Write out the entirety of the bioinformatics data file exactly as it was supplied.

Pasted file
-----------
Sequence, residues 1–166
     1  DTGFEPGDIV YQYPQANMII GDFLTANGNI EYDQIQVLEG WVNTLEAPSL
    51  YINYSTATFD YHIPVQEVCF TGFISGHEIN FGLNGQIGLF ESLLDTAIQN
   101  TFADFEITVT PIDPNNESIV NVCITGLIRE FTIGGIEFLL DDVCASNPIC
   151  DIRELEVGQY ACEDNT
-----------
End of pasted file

Sequence, residues 1–166
     1  DTGFEPGDIV YQYPQANMII GDFLTANGNI EYDQIQVLEG WVNTLEAPSL
    51  YINYSTATFD YHIPVQEVCF TGFISGHEIN FGLNGQIGLF ESLLDTAIQN
   101  TFADFEITVT PIDPNNESIV NVCITGLIRE FTIGGIEFLL DDVCASNPIC
   151  DIRELEVGQY ACEDNT